Men's Sexual Health

Sex is an important part of life. For many men, thinking about sex starts early, often before puberty, and lasts until their final days on earth.

On one level, sex is just another hormone-driven bodily function designed to perpetuate the species. On another, it's a pleasurable activity. It's also an activity that can help cement the bonds between two people.

Sexual health refers to a state of well-being that lets a man fully participate in and enjoy sexual activity. A range of physical, psychological, interpersonal, and social factors influence a man's sexual health.

Optimal male sexual health includes sexual desire (libido) and the ability to get and sustain an erection (erectile function). Although physiology can affect both the desire for sex and the ability to have sex, mental health and emotional factors also play important roles.

Male sexual health isn't merely the absence of disease. Erectile dysfunction (ED) is the inability to get an erection or to maintain it long enough for satisfying sexual activity. Many things can cause ED, including stress, depression, relationship issues, abnormally low testosterone, damage from urological surgery, and even cholesterol-clogged arteries. In fact, it is often an early warning sign for heart disease. ED can be treated with pills, injections into the penis, or devices.  Men can also experience difficulties related to ejaculation, including premature ejaculation, delayed ejaculation, or the inability to experience orgasm upon ejaculation (anorgasmia).

 

Male sexual health also covers the prevention and treatment of sexually transmitted diseases and the assessment and treatment of male infertility.

Men's Sexual Health Articles

Speaking up about orgasms

Two sexual problems that can arise with age are anorgasmia (the inability to achieve an orgasm during sex) and delayed orgasm (in which it takes longer than usual to climax despite proper stimulation). While men may be reluctant to discuss an orgasm problem with their partner or doctor, there are ways to manage the conditions, such as medication, therapy, and mechanical stimulation. (Locked) More »

The no-drug approach to erectile dysfunction

Erectile dysfunction (ED) is one of the more common health issues older men face. ED drugs often are a standard solution, but they have their downsides, like possible side effects and over-dependency. In many cases, lifestyle changes like exercise, diet, and weight loss may slow the progress of ED and help manage it. More »

The facts about testosterone and sex

Testosterone, the hormone that gives men their many masculine qualities, naturally declines with age. While increasing levels with testosterone replacement therapy may improve sex drive and performance, it is not for everyone and even may increase certain health risks. (Locked) More »

Did my partner get her bladder infection from me?

Men do not have to worry about getting bladder infections from their female partners. Women can get urinary tract infections after sex, but this is a result of irritation at the opening of the urethra, which makes it easier for bacteria to enter. (Locked) More »

The heart of a healthy sex life

Most men who have had a heart attack or heart surgery can resume their normal sex life after a brief recovery period. Other factors, like medication and severity, come into play. Still, the general guideline is that men can resume their regular sexual activity two weeks after a heart attack. After surgery, they can have sex once the incision has healed. (Locked) More »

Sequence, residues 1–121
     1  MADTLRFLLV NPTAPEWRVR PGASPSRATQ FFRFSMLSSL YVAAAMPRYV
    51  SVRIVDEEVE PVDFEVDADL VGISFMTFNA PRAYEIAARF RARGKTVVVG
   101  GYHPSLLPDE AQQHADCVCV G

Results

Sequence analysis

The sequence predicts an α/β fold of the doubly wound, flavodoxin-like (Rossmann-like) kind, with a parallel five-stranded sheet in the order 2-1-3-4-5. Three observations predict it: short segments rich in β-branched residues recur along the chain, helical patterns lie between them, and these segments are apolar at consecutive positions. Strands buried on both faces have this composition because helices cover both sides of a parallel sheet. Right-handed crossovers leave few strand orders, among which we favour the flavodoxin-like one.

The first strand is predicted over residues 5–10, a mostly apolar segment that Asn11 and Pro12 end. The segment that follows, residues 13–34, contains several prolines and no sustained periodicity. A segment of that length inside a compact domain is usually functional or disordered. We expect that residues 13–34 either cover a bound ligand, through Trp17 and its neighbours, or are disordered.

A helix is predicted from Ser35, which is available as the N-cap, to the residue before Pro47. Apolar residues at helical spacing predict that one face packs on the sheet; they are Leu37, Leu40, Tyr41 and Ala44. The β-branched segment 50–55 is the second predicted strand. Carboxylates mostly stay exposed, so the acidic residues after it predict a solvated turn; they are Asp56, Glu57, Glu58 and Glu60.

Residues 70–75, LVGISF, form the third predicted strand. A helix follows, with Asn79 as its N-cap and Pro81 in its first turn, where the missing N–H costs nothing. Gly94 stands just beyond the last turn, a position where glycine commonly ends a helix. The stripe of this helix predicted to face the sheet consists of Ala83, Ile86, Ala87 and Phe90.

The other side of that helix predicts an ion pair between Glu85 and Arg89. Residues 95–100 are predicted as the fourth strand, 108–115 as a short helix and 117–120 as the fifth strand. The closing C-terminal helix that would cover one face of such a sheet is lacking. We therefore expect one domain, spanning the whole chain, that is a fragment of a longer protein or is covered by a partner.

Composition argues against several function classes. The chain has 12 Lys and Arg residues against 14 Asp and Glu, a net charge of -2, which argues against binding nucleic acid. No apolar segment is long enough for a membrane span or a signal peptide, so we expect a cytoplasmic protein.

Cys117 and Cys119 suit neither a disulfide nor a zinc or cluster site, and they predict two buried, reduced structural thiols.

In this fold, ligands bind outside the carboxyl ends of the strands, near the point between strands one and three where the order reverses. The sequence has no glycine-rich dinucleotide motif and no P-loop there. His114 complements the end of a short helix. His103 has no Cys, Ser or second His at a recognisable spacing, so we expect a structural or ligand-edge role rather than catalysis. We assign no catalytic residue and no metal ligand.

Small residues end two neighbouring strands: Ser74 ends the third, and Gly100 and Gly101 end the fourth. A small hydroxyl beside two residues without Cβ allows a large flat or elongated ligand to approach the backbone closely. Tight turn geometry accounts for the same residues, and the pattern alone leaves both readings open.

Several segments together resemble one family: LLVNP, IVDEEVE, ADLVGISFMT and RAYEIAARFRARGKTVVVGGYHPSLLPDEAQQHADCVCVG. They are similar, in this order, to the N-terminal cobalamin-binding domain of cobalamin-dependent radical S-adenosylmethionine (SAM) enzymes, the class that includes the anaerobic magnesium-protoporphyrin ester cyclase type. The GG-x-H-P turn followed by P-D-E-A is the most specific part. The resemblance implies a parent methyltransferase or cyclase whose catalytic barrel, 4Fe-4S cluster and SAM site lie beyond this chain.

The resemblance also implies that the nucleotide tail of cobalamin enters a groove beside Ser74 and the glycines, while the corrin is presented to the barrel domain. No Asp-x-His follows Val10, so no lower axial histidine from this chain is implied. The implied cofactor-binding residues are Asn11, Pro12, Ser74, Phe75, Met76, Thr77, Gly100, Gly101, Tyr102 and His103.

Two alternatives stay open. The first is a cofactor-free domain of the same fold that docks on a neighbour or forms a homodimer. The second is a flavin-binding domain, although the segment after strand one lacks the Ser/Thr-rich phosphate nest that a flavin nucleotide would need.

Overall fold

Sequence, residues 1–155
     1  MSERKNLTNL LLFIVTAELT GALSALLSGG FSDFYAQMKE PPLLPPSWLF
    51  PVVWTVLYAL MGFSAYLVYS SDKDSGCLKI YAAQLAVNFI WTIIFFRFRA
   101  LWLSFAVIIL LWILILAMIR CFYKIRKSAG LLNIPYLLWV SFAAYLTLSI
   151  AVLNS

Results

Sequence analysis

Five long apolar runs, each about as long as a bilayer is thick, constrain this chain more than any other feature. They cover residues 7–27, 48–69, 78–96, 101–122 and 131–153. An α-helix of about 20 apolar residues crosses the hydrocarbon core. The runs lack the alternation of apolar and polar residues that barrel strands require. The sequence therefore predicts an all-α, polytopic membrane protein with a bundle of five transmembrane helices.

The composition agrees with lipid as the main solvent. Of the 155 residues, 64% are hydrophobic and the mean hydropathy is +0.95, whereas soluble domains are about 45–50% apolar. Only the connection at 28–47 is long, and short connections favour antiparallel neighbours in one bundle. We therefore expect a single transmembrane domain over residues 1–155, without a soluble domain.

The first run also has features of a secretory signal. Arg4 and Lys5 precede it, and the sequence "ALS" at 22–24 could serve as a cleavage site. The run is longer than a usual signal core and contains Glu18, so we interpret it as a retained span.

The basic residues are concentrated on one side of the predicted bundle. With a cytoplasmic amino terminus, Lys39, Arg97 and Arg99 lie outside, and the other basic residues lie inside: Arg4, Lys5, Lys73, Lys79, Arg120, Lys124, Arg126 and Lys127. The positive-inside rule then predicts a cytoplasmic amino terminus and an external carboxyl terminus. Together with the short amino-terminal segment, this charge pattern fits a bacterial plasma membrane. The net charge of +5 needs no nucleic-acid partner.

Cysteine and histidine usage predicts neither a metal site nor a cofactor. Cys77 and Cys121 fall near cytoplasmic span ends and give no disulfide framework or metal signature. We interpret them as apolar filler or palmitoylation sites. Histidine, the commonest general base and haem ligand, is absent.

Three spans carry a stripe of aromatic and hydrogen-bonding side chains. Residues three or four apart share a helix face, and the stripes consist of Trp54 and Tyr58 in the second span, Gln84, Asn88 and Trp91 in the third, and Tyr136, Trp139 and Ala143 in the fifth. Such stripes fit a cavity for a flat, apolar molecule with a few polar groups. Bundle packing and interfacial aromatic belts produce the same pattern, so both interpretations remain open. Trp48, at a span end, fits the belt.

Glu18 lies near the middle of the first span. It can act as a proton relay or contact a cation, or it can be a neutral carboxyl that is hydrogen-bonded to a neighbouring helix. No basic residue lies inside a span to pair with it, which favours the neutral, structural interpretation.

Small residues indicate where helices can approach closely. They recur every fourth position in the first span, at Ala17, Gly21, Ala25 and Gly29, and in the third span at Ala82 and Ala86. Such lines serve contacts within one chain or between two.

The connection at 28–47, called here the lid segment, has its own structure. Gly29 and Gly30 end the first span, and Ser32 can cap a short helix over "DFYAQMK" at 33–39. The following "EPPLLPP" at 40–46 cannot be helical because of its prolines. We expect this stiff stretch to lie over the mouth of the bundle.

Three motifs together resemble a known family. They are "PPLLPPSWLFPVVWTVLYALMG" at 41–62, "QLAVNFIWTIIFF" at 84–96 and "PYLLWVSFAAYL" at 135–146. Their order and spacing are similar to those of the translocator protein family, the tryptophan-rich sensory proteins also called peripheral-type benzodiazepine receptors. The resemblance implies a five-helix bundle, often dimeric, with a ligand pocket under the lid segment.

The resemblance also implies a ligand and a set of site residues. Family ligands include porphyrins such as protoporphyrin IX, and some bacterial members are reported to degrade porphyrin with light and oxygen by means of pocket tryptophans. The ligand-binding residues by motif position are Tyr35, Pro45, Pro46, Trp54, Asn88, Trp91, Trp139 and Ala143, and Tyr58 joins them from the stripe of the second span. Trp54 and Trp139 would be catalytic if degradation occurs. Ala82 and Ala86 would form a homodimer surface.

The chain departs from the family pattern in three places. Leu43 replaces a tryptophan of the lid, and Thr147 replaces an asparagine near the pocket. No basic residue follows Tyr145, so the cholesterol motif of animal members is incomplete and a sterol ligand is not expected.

Premature Ejaculation

Premature ejaculation occurs when a man reaches orgasm and ejaculates too quickly and without control. In other words, ejaculation occurs before a man wants it to happen. It may occur before or after beginning foreplay or intercourse. Some men experience a lot of personal distress because of this condition. As many as one in five men experience difficulty with uncontrolled or early ejaculation at some point in life. When premature ejaculation happens so frequently that it interferes with the sexual pleasure of a man or his partner, it becomes a medical problem. Several factors may contribute to premature ejaculation. Psychological problems such as stress, depression and other factors that affect mental and emotional health can aggravate this condition. However, there is growing evidence that biological factors can make some men more prone to experience premature ejaculation. (Locked) More »

Prostate cancer and your sex life

Common treatments and management of prostate cancer, such as active surveillance, radical prostatectomy, radiation therapy, and androgen deprivation therapy, also can affect a man’s sex life. Side effects may include poor sexual function, low libido, and erectile dysfunction. Understanding how these changes occur can help men in their choice of treatment. (Locked) More »

What does blood in my semen mean?

Blood in the semen can occur after a medical procedure, like a prostate biopsy, an enlarged prostate, or injury to the testicles or prostate, such as from horseback riding or bicycling. The condition often goes away on its own, but if it continues for more than three weeks, men should see their doctor. (Locked) More »

Will a pill really help your sex life?

Erectile dysfunction drugs are more readily available than ever before, and in general, men have gotten past any stigma about needing them to get or maintain an erection. Yet many men approach ED drugs the wrong way and think the pills can fix problems in their sex lives that are related to mental or emotional issues. (Locked) More »

Eating more nuts may improve sexual function

A recent study found that men who added 60 grams — about ½ cup or 360 calories—of a nut mixture made from almonds, hazelnuts, and walnuts to their daily diet was associated with improvement in several aspects of their sexual life. More »